The Punishment Issues

Since human rights was not the issue, was punishment then as important for Clinton as it had been for Bush? Clinton and top administrative officials as well as Senators and Congressmen kept on repeating the phrase "pay a price," an equivalent of Bush's threat that the Kuwait invasion "will not stand." Clinton vowed that "we must make clear that reckless acts have consequences," as had Bush sent a "powerful message" to the "butcher" of Baghdad.

Bush's famous phrase asserting U.S. pre-eminence: "what we say goes," was matched with an equal assertion of predominance plus a healthy dose of manifest destiny by Clinton. Justifying the unilateral nature of U.S. military action and the lack of support by the Gulf War coalition, he said: "I think it is important to move now ... We have historically taken the lead in matters like this ... This was our responsibility at this time." There was no need, at the present time, therefore, to multilaterize U.S. intervention, in keeping with the post-Cold War patterns. Under Clinton, the U.S. does not feel the need to go through the motions to legitimize its military actions in the Gulf.

Perhaps, it is a commentary on the dangerous extent of militarization of American culture that unilateral military action is not only accepted, but that dissent by countries like France, Russia and China has been attributed to sinister motives. Such militancy and xenophobia are regularly expressed by otherwise mainstream legislators and public commentators. Former Senator Bob Dole, who would like to have Clinton's job, supported the missile strikes and paid the usual political homage to U.S. troops, but he hinted that Clinton may have appeased Hussein prior to taking action. Senator Richard Lugar expressed dissatisfaction with the use of Cruise missiles, calling instead for "visible signs of disproportionate response," including the "need to go to Baghadad." Other strange bed fellows including the usually more reserved Congressman Lee Hamilton (D-Ind.), Senate Majority Leader Trent Lott (R-Miss.), Senate Minority Leader Tom Daschle (D-S.D.), Senator Joseph Leiberman (D-Conn.), Senator Warner (R-W. Va.), Senator William Cohen (R-Vt.), Senator John Kerry (D-Mass.) and Speaker of the House Newt Gingrich (R-Ga.), House Majority Leader Dick Armey (R-Texas), among others, were rather unanimous in support of unilateral military action to "punish" Hussein.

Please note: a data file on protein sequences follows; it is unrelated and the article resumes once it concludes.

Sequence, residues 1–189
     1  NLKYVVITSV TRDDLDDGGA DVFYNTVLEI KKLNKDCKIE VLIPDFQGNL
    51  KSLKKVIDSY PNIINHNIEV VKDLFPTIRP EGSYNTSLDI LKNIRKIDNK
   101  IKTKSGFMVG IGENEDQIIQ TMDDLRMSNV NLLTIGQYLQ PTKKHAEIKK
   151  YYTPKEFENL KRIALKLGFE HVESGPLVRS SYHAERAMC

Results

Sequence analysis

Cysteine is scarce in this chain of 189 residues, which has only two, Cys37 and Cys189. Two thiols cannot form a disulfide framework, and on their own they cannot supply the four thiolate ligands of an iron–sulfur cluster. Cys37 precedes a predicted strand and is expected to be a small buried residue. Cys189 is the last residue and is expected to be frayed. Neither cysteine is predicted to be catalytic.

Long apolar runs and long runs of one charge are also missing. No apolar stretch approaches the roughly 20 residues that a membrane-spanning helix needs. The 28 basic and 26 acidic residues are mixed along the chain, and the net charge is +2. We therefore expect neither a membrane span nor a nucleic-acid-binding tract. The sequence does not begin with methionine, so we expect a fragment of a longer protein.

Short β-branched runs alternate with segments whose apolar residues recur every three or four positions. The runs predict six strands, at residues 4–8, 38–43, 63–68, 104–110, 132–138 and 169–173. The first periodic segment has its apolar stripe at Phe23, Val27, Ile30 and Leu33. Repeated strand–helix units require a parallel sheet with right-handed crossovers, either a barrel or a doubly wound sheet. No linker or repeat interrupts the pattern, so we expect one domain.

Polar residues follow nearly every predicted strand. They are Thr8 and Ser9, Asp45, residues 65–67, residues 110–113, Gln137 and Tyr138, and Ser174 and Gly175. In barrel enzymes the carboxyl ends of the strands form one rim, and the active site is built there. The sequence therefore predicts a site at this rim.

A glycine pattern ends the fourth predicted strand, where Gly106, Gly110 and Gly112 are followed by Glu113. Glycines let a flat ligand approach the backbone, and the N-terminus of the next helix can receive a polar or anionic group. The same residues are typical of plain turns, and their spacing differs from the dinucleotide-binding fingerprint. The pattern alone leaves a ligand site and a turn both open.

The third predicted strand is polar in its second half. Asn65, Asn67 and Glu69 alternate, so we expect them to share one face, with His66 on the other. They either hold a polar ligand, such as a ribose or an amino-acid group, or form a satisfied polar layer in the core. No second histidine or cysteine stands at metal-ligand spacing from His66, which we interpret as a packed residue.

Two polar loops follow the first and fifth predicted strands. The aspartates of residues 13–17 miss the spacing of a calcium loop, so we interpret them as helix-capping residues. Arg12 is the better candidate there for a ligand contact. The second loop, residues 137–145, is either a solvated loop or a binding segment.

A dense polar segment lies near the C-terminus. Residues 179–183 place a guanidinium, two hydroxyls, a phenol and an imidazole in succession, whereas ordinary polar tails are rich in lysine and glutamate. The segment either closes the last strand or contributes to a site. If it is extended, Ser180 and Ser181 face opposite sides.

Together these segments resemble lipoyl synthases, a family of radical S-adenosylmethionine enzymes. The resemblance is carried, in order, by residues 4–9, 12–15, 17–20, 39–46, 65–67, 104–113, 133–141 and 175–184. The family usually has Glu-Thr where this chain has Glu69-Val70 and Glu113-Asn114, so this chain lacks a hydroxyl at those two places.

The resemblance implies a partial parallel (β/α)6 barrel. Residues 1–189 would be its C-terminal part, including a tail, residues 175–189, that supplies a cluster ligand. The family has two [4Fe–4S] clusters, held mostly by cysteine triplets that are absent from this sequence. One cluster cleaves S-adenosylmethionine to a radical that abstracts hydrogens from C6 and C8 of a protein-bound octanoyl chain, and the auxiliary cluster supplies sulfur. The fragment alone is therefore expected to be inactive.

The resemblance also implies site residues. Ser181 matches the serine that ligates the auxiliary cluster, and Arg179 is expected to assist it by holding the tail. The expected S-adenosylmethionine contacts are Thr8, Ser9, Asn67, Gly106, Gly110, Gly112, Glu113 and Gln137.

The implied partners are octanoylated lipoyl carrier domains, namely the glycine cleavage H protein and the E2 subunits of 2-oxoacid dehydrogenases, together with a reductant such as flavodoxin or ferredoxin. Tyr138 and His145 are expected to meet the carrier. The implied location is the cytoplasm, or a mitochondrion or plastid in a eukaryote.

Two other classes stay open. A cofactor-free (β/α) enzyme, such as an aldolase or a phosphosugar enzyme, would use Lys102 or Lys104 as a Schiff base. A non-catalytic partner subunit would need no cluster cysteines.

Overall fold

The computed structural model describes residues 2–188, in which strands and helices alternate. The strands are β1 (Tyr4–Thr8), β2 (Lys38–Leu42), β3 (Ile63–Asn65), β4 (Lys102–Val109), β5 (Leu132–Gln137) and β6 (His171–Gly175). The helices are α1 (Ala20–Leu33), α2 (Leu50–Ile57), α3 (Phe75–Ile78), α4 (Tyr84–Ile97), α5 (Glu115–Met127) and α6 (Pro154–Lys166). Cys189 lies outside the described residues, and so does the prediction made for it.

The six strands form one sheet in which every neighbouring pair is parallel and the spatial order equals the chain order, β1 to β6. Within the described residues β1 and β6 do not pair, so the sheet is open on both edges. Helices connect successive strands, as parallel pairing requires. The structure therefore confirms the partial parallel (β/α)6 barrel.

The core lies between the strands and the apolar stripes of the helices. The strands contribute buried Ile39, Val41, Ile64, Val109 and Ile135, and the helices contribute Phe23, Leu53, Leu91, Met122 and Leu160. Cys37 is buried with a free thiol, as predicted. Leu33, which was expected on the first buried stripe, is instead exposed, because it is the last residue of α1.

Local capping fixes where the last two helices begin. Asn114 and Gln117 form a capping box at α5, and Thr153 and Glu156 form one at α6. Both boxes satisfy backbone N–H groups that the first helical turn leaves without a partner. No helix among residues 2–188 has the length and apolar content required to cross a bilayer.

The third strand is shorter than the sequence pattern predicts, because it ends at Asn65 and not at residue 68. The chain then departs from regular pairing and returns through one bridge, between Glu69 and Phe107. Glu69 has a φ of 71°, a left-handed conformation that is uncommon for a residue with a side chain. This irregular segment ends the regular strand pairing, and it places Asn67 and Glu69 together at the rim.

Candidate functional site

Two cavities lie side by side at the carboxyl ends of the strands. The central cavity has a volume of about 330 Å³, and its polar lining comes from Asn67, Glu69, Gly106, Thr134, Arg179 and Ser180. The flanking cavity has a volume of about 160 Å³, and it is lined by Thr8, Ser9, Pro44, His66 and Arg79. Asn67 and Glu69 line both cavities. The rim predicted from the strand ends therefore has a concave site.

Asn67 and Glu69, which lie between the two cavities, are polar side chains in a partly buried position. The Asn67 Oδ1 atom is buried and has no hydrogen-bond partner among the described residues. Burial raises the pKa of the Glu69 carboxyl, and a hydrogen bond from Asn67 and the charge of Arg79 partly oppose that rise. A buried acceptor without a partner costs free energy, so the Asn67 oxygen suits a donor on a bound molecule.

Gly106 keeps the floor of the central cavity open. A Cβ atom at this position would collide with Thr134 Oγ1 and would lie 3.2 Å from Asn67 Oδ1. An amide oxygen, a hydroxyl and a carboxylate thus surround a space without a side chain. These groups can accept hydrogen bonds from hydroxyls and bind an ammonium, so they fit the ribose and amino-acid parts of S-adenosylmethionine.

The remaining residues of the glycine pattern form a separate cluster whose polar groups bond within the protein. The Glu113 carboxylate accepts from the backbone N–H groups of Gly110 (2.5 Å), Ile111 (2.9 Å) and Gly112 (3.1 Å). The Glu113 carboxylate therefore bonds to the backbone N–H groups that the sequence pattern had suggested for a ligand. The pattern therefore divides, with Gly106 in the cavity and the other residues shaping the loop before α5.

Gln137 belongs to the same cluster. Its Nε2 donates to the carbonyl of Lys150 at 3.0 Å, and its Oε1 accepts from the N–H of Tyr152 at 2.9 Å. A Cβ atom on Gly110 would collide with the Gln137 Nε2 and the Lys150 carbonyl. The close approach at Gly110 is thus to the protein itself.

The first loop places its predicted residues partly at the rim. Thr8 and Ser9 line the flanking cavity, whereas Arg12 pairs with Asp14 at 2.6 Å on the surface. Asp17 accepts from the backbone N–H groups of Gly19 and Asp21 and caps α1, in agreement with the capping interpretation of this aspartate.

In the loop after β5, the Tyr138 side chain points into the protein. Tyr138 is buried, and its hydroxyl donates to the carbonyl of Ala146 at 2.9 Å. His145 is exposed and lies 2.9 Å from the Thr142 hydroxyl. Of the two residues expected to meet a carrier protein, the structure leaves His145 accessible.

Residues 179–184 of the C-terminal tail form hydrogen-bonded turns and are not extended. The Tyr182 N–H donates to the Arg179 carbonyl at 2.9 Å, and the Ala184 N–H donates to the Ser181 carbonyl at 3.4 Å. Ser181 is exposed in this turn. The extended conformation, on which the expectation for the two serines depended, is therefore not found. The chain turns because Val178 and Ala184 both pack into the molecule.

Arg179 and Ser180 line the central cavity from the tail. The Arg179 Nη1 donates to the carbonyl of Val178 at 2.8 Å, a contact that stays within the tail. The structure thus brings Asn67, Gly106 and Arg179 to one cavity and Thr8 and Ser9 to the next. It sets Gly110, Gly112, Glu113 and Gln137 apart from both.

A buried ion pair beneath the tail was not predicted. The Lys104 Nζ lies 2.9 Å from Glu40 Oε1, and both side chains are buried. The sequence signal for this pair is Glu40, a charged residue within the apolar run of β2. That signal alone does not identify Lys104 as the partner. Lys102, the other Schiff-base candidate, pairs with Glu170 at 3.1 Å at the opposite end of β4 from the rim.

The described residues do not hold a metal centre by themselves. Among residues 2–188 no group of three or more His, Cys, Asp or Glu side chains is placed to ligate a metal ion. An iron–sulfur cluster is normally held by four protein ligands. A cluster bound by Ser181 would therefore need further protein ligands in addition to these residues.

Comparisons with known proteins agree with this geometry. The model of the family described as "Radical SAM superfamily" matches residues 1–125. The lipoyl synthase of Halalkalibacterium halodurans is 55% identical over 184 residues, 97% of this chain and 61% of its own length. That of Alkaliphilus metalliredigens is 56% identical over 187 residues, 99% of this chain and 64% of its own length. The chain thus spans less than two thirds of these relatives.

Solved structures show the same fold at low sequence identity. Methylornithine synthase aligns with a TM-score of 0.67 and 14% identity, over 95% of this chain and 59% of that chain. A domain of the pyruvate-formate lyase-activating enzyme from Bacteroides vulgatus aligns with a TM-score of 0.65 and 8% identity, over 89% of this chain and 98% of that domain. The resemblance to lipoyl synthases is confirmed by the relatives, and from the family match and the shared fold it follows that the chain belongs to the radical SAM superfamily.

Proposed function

Likewise the labels liberal and conservative meant very little, if not nothing whatsoever, as media commentators closed ranks behind Clinton, with the opposition expressed by the barely existing left, and for different reason by the super-right and Zionist commentators, who called for a more extensive bombardment of Iraq.